Sir David Attenborough returns to our screens this weekend with a new product.
The tone of the show is very different to his usual work.
Britain’s favorite naturalist was once not here to celebrate incredible diversity on Earth, but to issue a full warning to all of us.
The one-hour film, Extinction: The Facts, airs on BBC One in the UK on Sunday 13 September at 20:00 BST.
“We are facing a crisis,” he warned at the outset, “and we all have consequences.”
The damage our race has done to the natural world is shocking.
Scenes of destruction
There are amazing pictures of animals and plants you would expect from an Attenborough product, but there are also horrific scenes of destruction.
In one order the monkeys jump into the river from the trees to escape the huge fire.
Another cola bear is stranded across a road in its futile search for shelter while devouring the forest around it.
There is a small army of experts to assess the damage done to the world’s ecosystems.
Of the estimated eight million species on Earth, one million are now at risk of extinction, an expert has warned.
Since the 1970s, invertebrates – birds, mammals, reptiles, fish and amphibians – have declined by 60%, another tells us.
We meet the last two northern white rhinos in the world.
These great animals are found in their thousands in Central Africa but they have been pushed to the brink of extinction by habitat loss and poaching.
“A lot of people think this inary haunting story told by the conservationists is going to be extinct,” said keeper James Mwenda, who looked after them, “but I’m alive, I know what it is.”
James beats the big animals and makes pets, but when he tells us that Nazin and Fatu are mother and daughter they represent their last.
Species have always come and gone, how evolution works. But, as Sir David said, the extinction rate is rising at once.
It is now calculated to be 100 times faster than the rate of natural evolution – and is accelerating.
“During my lifetime I have encountered some of the greatest animals in the world,” Sir David said in one of the most moving scenes in the film.
“I just realized how lucky I am – most of these miracles will disappear forever.”
Crisis in the natural world
Sir David laments that it is not about losing the wonderful creatures he has exhibited in the hundreds of events he has done in his six decades as a natural history filmmaker.
Loss of pollinating insects poses a threat to the food crops on which we depend. Plants and trees regulate the flow of water and produce the oxygen we breathe. Meanwhile, the seas are emptying the fish.
Compared to before the beginning of the 20th century there are now only 5% trawler caught fish left, an expert said.
As we have all been learning in the most brutal manner for the past six months, the epidemic provides a very immediate example of the ever-increasing dangers of invasions into the natural world.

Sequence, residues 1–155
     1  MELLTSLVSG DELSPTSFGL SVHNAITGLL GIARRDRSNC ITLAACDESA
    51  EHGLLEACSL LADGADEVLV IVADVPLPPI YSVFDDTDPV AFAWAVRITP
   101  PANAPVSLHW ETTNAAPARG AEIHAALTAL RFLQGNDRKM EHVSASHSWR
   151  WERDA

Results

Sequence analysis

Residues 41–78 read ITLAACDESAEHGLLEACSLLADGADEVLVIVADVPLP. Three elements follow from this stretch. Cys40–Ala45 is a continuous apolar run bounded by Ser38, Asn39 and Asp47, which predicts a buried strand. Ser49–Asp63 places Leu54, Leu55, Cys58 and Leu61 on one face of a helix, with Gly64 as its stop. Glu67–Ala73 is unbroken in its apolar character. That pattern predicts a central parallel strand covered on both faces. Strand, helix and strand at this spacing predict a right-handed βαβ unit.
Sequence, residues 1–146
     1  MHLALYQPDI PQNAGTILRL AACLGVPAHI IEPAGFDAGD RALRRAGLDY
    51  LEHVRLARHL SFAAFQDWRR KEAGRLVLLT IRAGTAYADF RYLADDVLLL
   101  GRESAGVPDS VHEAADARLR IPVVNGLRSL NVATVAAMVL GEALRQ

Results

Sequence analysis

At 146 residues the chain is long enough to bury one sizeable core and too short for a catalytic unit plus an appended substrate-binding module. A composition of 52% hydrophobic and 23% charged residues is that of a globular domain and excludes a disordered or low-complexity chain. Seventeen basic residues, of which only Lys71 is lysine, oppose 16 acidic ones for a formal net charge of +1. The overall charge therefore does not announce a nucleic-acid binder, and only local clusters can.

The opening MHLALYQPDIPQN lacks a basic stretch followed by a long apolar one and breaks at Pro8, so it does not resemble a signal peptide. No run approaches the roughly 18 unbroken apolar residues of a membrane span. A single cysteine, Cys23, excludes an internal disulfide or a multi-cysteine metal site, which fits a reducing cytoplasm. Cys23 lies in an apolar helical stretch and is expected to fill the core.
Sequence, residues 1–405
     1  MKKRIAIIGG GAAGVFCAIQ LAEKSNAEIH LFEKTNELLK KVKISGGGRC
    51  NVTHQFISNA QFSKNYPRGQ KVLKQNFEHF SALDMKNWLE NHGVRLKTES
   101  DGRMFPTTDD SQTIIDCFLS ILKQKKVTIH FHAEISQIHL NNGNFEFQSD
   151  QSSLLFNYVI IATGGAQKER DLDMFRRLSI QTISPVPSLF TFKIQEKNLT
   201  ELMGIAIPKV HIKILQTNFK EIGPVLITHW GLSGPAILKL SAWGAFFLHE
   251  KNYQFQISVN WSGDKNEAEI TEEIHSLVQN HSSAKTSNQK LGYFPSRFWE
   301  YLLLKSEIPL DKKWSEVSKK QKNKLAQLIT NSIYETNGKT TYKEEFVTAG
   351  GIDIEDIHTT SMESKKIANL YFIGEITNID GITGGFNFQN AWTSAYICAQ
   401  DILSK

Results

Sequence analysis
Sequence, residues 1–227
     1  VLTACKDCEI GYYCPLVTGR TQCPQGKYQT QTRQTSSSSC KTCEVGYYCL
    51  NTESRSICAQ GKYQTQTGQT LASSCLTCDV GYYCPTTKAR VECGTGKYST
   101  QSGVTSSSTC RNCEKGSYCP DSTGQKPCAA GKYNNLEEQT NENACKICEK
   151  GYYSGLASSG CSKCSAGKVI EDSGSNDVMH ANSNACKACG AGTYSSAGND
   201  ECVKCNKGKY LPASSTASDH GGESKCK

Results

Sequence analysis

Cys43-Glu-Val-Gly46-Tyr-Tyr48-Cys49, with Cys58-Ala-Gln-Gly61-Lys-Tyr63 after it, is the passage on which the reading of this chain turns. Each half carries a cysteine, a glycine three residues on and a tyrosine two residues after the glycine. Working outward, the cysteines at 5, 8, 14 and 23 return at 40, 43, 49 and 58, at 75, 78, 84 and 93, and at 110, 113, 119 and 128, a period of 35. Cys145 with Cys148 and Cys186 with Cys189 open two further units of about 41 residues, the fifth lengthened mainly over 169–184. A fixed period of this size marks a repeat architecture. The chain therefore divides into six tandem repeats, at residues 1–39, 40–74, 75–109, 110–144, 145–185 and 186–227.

The program tracks the suspected origin of the coronavirus to a population of bats living in cave systems in Yunnan Province, China.
We see the Chinese “wet market” in Wuhan, which specializes in the sale of wildlife for human consumption and is thought to be associated with early infections.
Reason for hope
The show has seemed a bit unfocused in recent episodes, but Serena Davis, director of the show, agreed.
“Our job is to report the reality that the evidence provides,” she explains.
But the feeling that the program was all gone did not leave the audience. Sir David made it clear that there was still reason to hope.
“His goal is not to drag the audience into the depths of despair, but to take people on a journey, to find out what drives these issues, and we can solve them, too.”
The program ends in an iconic style.
The moment we met a group of gorillas in the mountains on the border between the Democratic Republic of Congo and Rwanda, we saw one of the most famous moments of all the films that Sir David made in his long career.
A young gorilla named Poppy tries to pick up his shoes while talking to the camera.
Sir David says, “It was an experience that stayed with me, but it was very sad, because I thought I would see the last of their kind.”
Programmakers return to Rwanda and, after a long trek, locate the poppy daughter and grandson in a deep forest scrub.
We learned that the Rwandan government has worked with local people to protect animals and that gorillas are thriving.
There were 250 when Sir David visited in the 1970s, and now there are over 1,000.
Sir David says this is what we can achieve when our minds are focused.
“I may not be here to see, but if we make the right decisions at this critical time, we can preserve our planet’s ecosystems, its extraordinary biodiversity and all of its inhabitants,” he concluded.
His last line packs a powerful punch: “What happens next,” said Sir David, “for each of us.”
David Attenborough, Extinction: The Facts, can be found on BBC One in the UK on Sunday 13 September at 20:00 BST.